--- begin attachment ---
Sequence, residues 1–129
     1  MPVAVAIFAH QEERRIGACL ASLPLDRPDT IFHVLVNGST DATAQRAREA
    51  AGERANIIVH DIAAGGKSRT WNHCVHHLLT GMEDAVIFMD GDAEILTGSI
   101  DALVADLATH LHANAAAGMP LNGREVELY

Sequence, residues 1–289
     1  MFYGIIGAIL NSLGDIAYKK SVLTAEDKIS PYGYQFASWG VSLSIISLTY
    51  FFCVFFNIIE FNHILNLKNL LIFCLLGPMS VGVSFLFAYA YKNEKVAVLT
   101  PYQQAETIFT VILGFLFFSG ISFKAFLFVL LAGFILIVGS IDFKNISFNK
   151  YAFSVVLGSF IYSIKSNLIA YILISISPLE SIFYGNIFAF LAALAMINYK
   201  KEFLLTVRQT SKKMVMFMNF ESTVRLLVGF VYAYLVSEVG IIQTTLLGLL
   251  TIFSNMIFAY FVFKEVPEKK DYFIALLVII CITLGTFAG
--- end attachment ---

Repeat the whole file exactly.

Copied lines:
Sequence, residues 1–129
     1  MPVAVAIFAH QEERRIGACL ASLPLDRPDT IFHVLVNGST DATAQRAREA
    51  AGERANIIVH DIAAGGKSRT WNHCVHHLLT GMEDAVIFMD GDAEILTGSI
   101  DALVADLATH LHANAAAGMP LNGREVELY

Sequence, residues 1–289
     1  MFYGIIGAIL NSLGDIAYKK SVLTAEDKIS PYGYQFASWG VSLSIISLTY
    51  FFCVFFNIIE FNHILNLKNL LIFCLLGPMS VGVSFLFAYA YKNEKVAVLT
   101  PYQQAETIFT VILGFLFFSG ISFKAFLFVL LAGFILIVGS IDFKNISFNK
   151  YAFSVVLGSF IYSIKSNLIA YILISISPLE SIFYGNIFAF LAALAMINYK
   201  KEFLLTVRQT SKKMVMFMNF ESTVRLLVGF VYAYLVSEVG IIQTTLLGLL
   251  TIFSNMIFAY FVFKEVPEKK DYFIALLVII CITLGTFAG